Ceramics Engineering processing explained with the help of GIFs

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This branch of engineering deals with the technology of creating objects from inorganic, non-metallic materials. Ceramics engineering includes the purification of raw materials, the study and production of the chemical compounds concerned, their formation into components and the study of their structure, composition and properties.

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Ceramic materials are used in a wide range of industries, including mining, aerospace, medicine, refinery, food and chemical industries, packaging science, electronics, industrial and transmission electricity. The feature covers traditional ceramic processes with their respective animations.

-Milling

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This is a process in which materials are reduced from a larger size to a smaller size and it is usually carried out using mechanical means. The mechanical means involve attrition (which is particle-to-particle collision that results in agglomerate break up or particle shearing), compression (which applies a forces that results in fracturing) and impact (which employs a milling medium or the particles themselves to cause fracturing). The first animation is that of a cone crusher -an example of compression milling. The second is a working animation of a jaw crusher which comes in the impact mills category.

-Mixing and Batching

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Batching is the process of weighing the oxides according to recipes, and preparing them for mixing and drying. After batching, the mixing process takes place and it is carried out using various machines which include dry mixing ribbon mixers, Mueller mixers and pug mills. Even the process of wet mixing is carried out using the same equipment. The animations show the how ribbon mixers work.

-Forming

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Forming is making the mixed material into shapes, ranging from toilet bowls to spark plug insulators. The process of forming produces a green part, ready for drying. Green parts are soft, pliable, and over time will lose shape. Handling the green product will change its shape. For example, a green brick can be "squeezed", and after squeezing it will stay that way. Forming involves:

i) Extrusion: This involves extruding "slugs" to make bricks as you can see in the first animation.

ii) Pressing: As the name indicates, pressing involves making shaped parts.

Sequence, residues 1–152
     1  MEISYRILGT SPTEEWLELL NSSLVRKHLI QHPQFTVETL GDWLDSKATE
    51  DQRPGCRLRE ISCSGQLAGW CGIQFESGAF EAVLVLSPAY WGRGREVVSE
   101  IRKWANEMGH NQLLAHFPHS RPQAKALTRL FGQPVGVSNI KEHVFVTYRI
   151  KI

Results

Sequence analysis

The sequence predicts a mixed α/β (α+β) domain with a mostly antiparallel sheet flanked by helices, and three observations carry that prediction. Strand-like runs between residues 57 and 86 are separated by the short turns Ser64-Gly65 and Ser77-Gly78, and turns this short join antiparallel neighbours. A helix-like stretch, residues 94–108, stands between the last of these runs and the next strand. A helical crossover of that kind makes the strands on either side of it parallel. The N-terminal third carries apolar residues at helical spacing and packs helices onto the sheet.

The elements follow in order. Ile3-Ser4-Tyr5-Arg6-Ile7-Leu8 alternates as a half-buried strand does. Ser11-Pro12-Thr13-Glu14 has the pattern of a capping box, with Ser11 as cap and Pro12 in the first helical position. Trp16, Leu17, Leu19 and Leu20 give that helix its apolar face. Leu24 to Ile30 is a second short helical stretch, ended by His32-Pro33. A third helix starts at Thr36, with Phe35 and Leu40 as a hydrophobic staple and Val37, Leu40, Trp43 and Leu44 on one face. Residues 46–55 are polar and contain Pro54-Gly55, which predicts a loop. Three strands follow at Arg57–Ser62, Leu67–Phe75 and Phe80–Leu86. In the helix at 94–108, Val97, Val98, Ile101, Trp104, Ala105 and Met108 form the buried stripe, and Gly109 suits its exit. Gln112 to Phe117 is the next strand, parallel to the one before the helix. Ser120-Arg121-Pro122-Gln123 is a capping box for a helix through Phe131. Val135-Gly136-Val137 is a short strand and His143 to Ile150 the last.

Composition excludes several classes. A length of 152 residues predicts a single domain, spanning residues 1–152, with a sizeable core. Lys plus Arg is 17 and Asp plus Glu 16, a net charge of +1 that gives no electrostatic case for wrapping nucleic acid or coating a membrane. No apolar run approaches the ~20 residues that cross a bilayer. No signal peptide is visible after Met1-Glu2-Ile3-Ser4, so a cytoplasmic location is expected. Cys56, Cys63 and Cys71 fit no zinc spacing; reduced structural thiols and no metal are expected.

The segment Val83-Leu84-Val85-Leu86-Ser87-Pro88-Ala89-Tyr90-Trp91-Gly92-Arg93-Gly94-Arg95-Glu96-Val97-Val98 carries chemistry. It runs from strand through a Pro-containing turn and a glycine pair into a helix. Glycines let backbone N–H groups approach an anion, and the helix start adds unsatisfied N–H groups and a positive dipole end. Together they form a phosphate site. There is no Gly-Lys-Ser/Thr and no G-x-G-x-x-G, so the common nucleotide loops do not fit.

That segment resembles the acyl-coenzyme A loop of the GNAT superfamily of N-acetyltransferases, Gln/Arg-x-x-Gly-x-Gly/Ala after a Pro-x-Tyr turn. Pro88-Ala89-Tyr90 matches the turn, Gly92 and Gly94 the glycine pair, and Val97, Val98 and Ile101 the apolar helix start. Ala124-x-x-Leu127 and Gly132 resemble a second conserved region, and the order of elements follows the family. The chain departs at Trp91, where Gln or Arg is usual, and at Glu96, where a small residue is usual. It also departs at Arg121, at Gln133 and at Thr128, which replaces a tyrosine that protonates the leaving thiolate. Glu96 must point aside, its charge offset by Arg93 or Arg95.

iii) Slip casting: Slip casting entails making toilet bowls, wash basins and ornamentals like ceramic statues. The second and third animations show the slip casting process.

-Drying

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Removing the water or other binders from the formed material is known as drying. Most widely used method for preparing powder for pressing operations is known as spray drying. Controlled heat is applied in a two-stage process. First, heat removes water. This step needs careful control, as rapid heating causes cracks and surface defects. The dried part is smaller than the green part, and is brittle, necessitating careful handling, since a small impact will cause crumbling and breaking. The animation shows the water removing process from the ceramics with the help of KLT filter.

-Firing

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Firing is where the dried parts pass through a controlled heating process, and the oxides are chemically changed to cause sintering and bonding. The fired part will be smaller than the dried part. Firing is done at a temperature below the melting point of the ceramic. Once a roughly-held-together object called a green body is made, it is baked in a kiln, where atomic and molecular diffusion processes give rise to significant changes in the primary microstructural features. The first animation is that of kiln firing. The second animation shows a sinter bonded SOFC.

Applications

Ceramics can be used in many technological industries. One of the applications is the ceramic tiles on NASA's Space Shuttle, which are used to protect it and the future supersonic space planes from the searing heat of re-entry into the Earth's atmosphere. They are also used widely in electronics and optics. An example would be a ceramic bearing coating over a titanium frame used for an aircraft. Recently the field has come to include the studies of single crystals or glass fibers, in addition to traditional polycrystalline materials, and the applications of these have been overlapping and changing rapidly.

15677   08/09/2014

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